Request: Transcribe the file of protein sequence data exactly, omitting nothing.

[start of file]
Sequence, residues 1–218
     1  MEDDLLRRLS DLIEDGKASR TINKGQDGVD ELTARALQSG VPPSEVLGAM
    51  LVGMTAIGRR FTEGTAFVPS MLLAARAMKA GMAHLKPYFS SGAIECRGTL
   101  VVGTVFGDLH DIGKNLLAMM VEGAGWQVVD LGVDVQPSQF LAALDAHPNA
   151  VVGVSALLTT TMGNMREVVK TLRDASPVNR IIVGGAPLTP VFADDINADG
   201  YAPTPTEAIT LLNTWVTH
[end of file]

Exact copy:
Sequence, residues 1–218
     1  MEDDLLRRLS DLIEDGKASR TINKGQDGVD ELTARALQSG VPPSEVLGAM
    51  LVGMTAIGRR FTEGTAFVPS MLLAARAMKA GMAHLKPYFS SGAIECRGTL
   101  VVGTVFGDLH DIGKNLLAMM VEGAGWQVVD LGVDVQPSQF LAALDAHPNA
   151  VVGVSALLTT TMGNMREVVK TLRDASPVNR IIVGGAPLTP VFADDINADG
   201  YAPTPTEAIT LLNTWVTH